Is it Time for New Telecom Law?

Capitol_domeA number of articles published since the recent election claim that both the House and Senate are ready to tackle telecom reform. There have been subcommittee meetings and discussions in both chambers about the topic for several years, but the idea hasn’t gone much yet past talking about it.

We certainly need telecom reform. After all, the Telecommunications Act of 1996 was passed in a very different time. That’s the year where AOL was still the largest ISP in the US and the year they introduced new modems that doubled dial-up speeds from 28 kbps to 56 kbps. 1996 was also the year that kicked off a decade of major investment by cable companies in HFC networks. There were 10 million cable modem customers by 2002, but in 1996 there were almost none. And DSL was just hitting the market in 1996 and didn’t get serious traction until a few years later.

Probably the biggest fault with the 1996 Act is that it treated telcos and cable companies very differently. The Act imposed significant unbundling requirements on the telcos while leaving the cable companies largely untouched. Perplexingly, this was done at a time when everybody in the industry knew that cable companies and HFC networks would soon become major players in both the telephone and high-speed data markets. In 1996 engineers and technologists understood that cable modems were going to soon be faster than DSL due to inherent advantages of coaxial cable over telephone cable. At the time everybody I knew just assumed that the cable company had good lobbyists.

But the Act did impose new rules on cable companies concerning programming. And it is clear that those rules are now growing quickly obsolete with the migration of video to the web. A revised Act certainly needs to address OTT video and the entire gamut of on-line video issues.

In essence the Act of 1996 created a whole lot of rules in silos – separate rules for the cable and telco industries. In doing so the Act almost completely ignored the burgeoning cellular industry. Now that people use every data on every kind of network it’s time for rules that are updated to recognize the new reality.

One of the stickiest points of implementing a new telecom law is going to be net neutrality. If the FCC does not soon put this issue to bed, then net neutrality will be one of the biggest issues of a re-written Telecom Act. Both chambers of Congress have set a goal to have a new Act enacted by the end of 2016. That means that the Republic lawmakers are still going to need the agreement from a Democratic president to get it signed, and that means the two sides have got to somehow come together on net neutrality.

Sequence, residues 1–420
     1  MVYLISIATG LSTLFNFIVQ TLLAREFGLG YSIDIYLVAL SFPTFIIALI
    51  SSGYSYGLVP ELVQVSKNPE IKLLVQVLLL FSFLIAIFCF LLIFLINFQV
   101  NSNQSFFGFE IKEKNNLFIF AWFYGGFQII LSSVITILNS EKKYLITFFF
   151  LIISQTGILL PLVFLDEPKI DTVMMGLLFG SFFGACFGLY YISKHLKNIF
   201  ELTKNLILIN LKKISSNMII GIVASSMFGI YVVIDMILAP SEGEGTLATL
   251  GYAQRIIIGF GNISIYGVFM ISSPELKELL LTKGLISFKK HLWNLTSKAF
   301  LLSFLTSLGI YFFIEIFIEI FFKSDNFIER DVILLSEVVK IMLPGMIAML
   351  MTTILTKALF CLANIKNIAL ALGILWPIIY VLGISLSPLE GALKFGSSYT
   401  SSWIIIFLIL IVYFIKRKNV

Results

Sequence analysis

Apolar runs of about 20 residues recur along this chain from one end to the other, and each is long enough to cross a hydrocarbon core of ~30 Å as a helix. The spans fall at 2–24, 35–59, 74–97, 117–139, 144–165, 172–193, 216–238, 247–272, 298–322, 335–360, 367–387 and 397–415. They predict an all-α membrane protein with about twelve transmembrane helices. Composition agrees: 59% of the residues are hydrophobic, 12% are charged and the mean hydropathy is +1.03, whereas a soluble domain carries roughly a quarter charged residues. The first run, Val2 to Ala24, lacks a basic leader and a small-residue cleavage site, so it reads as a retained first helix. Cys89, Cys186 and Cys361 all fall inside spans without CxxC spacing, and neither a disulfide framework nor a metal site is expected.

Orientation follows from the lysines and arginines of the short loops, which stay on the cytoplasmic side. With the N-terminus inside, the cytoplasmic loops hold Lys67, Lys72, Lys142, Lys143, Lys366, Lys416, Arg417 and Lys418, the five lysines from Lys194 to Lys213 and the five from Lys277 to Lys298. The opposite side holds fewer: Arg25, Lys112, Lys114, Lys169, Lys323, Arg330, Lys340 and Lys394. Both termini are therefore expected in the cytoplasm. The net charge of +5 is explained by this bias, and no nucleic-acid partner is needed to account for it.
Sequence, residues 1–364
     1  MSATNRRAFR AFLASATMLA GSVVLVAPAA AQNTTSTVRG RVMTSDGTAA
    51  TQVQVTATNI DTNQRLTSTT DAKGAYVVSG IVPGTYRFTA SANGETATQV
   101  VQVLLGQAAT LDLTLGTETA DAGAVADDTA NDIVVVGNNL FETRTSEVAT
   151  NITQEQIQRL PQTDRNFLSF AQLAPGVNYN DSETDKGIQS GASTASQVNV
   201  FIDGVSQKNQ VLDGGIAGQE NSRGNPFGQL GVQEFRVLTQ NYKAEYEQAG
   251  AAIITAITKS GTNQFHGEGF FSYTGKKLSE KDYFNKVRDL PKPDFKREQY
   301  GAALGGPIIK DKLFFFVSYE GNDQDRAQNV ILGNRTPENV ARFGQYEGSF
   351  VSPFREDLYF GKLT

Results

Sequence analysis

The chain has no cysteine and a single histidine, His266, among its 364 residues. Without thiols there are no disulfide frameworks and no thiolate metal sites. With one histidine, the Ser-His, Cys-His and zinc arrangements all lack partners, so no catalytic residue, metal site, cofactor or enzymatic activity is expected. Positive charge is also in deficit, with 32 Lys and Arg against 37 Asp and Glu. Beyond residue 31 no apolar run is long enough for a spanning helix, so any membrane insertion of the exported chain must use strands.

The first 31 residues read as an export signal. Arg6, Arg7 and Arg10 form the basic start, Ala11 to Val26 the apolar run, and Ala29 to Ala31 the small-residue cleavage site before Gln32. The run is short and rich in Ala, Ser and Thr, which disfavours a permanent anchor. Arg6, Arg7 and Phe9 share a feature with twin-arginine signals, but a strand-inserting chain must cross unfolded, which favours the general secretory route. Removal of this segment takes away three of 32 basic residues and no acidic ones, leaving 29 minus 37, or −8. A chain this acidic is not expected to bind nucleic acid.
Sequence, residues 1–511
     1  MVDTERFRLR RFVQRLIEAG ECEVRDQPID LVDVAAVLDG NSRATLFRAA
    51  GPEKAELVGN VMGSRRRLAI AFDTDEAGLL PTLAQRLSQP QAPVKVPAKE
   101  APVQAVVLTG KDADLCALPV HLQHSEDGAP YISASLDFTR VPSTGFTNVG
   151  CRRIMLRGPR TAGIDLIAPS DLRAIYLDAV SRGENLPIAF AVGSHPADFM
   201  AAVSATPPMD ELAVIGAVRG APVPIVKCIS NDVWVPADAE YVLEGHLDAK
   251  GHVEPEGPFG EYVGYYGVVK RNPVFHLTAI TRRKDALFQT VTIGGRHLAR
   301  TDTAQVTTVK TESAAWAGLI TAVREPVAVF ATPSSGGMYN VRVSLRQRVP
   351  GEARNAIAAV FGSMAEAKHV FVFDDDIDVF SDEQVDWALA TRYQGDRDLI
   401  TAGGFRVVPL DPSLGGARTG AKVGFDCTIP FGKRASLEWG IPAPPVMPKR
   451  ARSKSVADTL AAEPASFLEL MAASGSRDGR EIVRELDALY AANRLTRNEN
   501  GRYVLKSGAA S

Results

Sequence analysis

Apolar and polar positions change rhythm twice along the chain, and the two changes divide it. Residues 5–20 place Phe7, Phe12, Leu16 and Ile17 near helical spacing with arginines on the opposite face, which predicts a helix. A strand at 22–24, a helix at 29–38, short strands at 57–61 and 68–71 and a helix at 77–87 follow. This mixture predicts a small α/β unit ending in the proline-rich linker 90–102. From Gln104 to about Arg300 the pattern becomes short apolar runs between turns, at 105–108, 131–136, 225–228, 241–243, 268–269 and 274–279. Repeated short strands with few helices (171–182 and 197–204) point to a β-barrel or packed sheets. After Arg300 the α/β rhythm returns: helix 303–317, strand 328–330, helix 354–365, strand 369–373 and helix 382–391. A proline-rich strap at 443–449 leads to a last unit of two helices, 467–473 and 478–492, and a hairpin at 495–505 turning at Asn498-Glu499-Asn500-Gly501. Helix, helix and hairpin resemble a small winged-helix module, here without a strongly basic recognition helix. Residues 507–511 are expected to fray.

Some of the problems we have today with net neutrality come directly from the 1996 Act. In that Act the Congress very clearly decided to not impose Title II regulations on the budding high-speed cable modem market. They decided to let cable companies and telcos undertake a different path, with the telco path much more regulated than the cable path. We ended up with a decade that required DSL unbundling and DSL resale, but with no attempts to make cable modems open to competition.

There are some parts of the 1996 Act that have been very effective and I hope they remain intact. For example, the Act set forth the concept that any company with the technical knowledge and financial wherewithal ought to be allowed to compete in the telco market. That has given rise to thousands of CLECs and there are numerous markets with vigorous telephone competition. One can hope that a new Act will make it clear that there ought to be competition in every telecom market, and with a lot more products than just telephone.

One can also hope that a new Act will get rid of the silos. It is time to stop having different rules for different parts of the industry. For example, the distinction between traditional voice services and VoIP needs to be eliminated, since in practical terms customers can’t tell the difference. There should not be different rules concerning the provision of cable TV service by different types of providers.

Certainly one of the biggest challenges Congress will face is what to do with the web and video. Hopefully a new Act is forward looking. There is convergence everywhere in the industry and people want to partake of telecom services from any platform using a plethora of devices. The Congress needs to make it as okay to watch a movie on your cellphone as it is to watch it on your TV. The next Act needs to look at programmers as hard as it looks at service providers.

Rewriting the telecom Act is a massive undertaking because every lobbyist from the telecom industry is going to have ideas that they think must be included. And there will be plenty of naysayers and voices from outside the industry arguing on the side of the public. The problem is that there is no one right answer. I think if you sent twenty panels of industry experts off to list what should be in a new Act that you’d get twenty different answers.

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